This weekend sees three performances of a St. Martin’s Chamber Choir concert called The Art of Imitation: Palestrina. Sixteen singers will tackle Palestrina’s Missa Repleatur os meum, a monumental example of strict counterpoint/canonic technique. If you don’t understand three of the last four words of that previous sentence, don’t let this intimidate you! In fact, watch this video for a sort of mini-explanation, and then join us at the concert for a more in-depth demonstration:
My goal for this concert is to have every audience member understand at least the concept behind this amazing work. And even if someone were left completely behind by my explanations, I predict that a) the music itself would still be apprehended as beautiful and enjoyable, and 2) some sort of vague sense of the work’s uniqueness will have been imparted, and the listener’s experience will be commensurately enhanced. If you’re curious to find out your reaction, come and check it out!
At the risk of repeating myself, below is the article I wrote for our recent newsletter, The Voice (if you’re not on the SMCC mailing list and would like to receive these, simply let us know at firstname.lastname@example.org. There are six issues a year – one for each concert.)
I enjoy our Cameo Concerts, as I get the opportunity to explain a little about the pieces we sing, including brief illustrative musical examples. And the audience members I have heard from also seem to enjoy this elucidation, making them more appreciative of the music itself.
In our fall Cameo this year I get a chance to describe an extremely unusual Renaissance work, Palestrina’s 5-voice Missa Repleatur os meum, which is a masterwork of imitative polyphony and strict canonic writing. In each movement there are two voices which are an exact canon of each other (the other three voices being imitative but not exact). Palestrina, however, changes the interval (both in terms of pitch and time) of the imitation, steadily contracting it in each successive movement, and thus demonstrates his masterful command of this highly difficult compositional technique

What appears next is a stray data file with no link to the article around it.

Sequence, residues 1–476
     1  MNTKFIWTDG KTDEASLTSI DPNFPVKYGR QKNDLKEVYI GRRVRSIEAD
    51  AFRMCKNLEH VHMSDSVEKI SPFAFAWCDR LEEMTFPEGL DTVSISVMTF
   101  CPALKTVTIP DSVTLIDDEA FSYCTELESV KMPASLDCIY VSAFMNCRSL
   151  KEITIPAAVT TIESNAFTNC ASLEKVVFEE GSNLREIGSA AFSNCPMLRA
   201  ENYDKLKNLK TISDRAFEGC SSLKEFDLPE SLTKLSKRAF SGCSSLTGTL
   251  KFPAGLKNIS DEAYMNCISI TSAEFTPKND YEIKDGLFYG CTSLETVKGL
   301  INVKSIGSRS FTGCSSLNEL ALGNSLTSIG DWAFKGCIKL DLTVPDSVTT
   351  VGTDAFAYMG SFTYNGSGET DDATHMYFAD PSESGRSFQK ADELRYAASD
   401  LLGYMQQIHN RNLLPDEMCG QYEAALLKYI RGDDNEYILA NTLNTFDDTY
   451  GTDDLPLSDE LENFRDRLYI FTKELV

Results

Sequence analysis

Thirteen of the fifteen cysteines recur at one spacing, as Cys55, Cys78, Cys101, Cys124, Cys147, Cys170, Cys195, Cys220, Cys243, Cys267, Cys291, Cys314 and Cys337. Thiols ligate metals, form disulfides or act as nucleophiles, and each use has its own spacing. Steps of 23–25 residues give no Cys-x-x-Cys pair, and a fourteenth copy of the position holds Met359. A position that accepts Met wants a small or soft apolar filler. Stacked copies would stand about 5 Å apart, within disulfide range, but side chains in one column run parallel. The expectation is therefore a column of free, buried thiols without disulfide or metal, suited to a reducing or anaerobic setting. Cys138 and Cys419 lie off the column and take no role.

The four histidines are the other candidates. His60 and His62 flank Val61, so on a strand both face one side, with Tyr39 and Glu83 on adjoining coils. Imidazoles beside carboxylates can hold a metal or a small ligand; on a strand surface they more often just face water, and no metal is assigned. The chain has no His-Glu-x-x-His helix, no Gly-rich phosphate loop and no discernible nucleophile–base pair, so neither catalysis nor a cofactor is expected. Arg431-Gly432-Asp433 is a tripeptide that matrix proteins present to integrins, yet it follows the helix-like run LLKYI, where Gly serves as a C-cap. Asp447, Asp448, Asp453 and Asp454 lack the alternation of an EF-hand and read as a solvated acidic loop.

The marvel of this music, however, is that it comes off as effortless and flowing, the vocal lines alternately soaring above each other to create a sort of ecstatic interplay. The listener would have no idea of the internal intricacies of the work’s structure, unless otherwise informed. The great thing about these Cameo Concerts is that the audience does end up being informed about these intricacies. So, after 20 minutes of explanation, accompanied by demonstrations from the choir, the entire 30-minute work will be performed without interruption, and I believe that each listener will have an enhanced appreciation of what they are hearing, and will be aware that something of great moment is taking place as they listen.
Two brief motets will also be sung, including the motet on which the mass is based, as well as Palestrina’s greatest hit, Sicut cervus. I look forward to sharing this amazing piece with you!
Here are the times and locations of the three concerts:
Friday, November 7, 7:30 pm, Holy Cross Lutheran Church, Wheat Ridge
Saturday, November 8, 7:30 pm, St. Andrew’s Episcopal Church, Denver
Sunday, November 9, 3:00 pm, St. Andrew’s Episcopal Church, Denver
To reserve tickets in advance give us a call at 303-298-1970 or order online by clicking on the desired performance among the three above.